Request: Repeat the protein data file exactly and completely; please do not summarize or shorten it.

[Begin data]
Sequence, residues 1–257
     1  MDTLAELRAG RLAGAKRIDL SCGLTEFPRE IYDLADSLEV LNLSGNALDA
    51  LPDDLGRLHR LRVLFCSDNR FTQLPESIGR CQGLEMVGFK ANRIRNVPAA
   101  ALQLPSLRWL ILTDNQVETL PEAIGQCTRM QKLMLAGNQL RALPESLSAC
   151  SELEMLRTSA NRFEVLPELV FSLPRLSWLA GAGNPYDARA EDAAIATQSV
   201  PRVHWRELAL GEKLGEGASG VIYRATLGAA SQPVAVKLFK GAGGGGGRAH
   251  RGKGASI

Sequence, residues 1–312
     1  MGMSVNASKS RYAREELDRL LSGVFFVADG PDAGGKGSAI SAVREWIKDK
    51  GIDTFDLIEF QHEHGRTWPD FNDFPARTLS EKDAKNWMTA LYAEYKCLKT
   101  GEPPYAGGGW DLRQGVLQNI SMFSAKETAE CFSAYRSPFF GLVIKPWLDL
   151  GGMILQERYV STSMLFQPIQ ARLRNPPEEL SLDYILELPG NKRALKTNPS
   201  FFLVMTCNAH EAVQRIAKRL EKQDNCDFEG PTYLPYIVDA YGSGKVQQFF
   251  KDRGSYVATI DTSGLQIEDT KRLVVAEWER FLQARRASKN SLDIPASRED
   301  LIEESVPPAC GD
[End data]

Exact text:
Sequence, residues 1–257
     1  MDTLAELRAG RLAGAKRIDL SCGLTEFPRE IYDLADSLEV LNLSGNALDA
    51  LPDDLGRLHR LRVLFCSDNR FTQLPESIGR CQGLEMVGFK ANRIRNVPAA
   101  ALQLPSLRWL ILTDNQVETL PEAIGQCTRM QKLMLAGNQL RALPESLSAC
   151  SELEMLRTSA NRFEVLPELV FSLPRLSWLA GAGNPYDARA EDAAIATQSV
   201  PRVHWRELAL GEKLGEGASG VIYRATLGAA SQPVAVKLFK GAGGGGGRAH
   251  RGKGASI

Sequence, residues 1–312
     1  MGMSVNASKS RYAREELDRL LSGVFFVADG PDAGGKGSAI SAVREWIKDK
    51  GIDTFDLIEF QHEHGRTWPD FNDFPARTLS EKDAKNWMTA LYAEYKCLKT
   101  GEPPYAGGGW DLRQGVLQNI SMFSAKETAE CFSAYRSPFF GLVIKPWLDL
   151  GGMILQERYV STSMLFQPIQ ARLRNPPEEL SLDYILELPG NKRALKTNPS
   201  FFLVMTCNAH EAVQRIAKRL EKQDNCDFEG PTYLPYIVDA YGSGKVQQFF
   251  KDRGSYVATI DTSGLQIEDT KRLVVAEWER FLQARRASKN SLDIPASRED
   301  LIEESVPPAC GD